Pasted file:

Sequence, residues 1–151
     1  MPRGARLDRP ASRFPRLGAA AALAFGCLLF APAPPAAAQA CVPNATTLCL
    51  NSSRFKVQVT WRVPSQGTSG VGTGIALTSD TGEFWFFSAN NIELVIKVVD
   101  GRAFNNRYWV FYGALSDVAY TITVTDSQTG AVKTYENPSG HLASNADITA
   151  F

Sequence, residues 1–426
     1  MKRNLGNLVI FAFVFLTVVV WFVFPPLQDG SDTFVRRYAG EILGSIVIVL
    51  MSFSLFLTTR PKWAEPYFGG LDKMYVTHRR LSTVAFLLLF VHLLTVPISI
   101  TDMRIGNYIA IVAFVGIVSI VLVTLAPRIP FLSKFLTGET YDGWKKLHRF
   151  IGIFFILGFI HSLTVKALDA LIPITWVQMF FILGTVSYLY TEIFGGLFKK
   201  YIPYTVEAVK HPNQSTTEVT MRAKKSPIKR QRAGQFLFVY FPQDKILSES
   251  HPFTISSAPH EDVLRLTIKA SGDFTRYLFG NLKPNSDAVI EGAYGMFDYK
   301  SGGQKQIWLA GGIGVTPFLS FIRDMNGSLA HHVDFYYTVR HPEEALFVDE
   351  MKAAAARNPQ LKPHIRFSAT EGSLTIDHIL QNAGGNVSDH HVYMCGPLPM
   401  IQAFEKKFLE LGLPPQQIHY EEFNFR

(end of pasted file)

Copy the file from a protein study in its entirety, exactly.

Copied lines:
Sequence, residues 1–151
     1  MPRGARLDRP ASRFPRLGAA AALAFGCLLF APAPPAAAQA CVPNATTLCL
    51  NSSRFKVQVT WRVPSQGTSG VGTGIALTSD TGEFWFFSAN NIELVIKVVD
   101  GRAFNNRYWV FYGALSDVAY TITVTDSQTG AVKTYENPSG HLASNADITA
   151  F

Sequence, residues 1–426
     1  MKRNLGNLVI FAFVFLTVVV WFVFPPLQDG SDTFVRRYAG EILGSIVIVL
    51  MSFSLFLTTR PKWAEPYFGG LDKMYVTHRR LSTVAFLLLF VHLLTVPISI
   101  TDMRIGNYIA IVAFVGIVSI VLVTLAPRIP FLSKFLTGET YDGWKKLHRF
   151  IGIFFILGFI HSLTVKALDA LIPITWVQMF FILGTVSYLY TEIFGGLFKK
   201  YIPYTVEAVK HPNQSTTEVT MRAKKSPIKR QRAGQFLFVY FPQDKILSES
   251  HPFTISSAPH EDVLRLTIKA SGDFTRYLFG NLKPNSDAVI EGAYGMFDYK
   301  SGGQKQIWLA GGIGVTPFLS FIRDMNGSLA HHVDFYYTVR HPEEALFVDE
   351  MKAAAARNPQ LKPHIRFSAT EGSLTIDHIL QNAGGNVSDH HVYMCGPLPM
   401  IQAFEKKFLE LGLPPQQIHY EEFNFR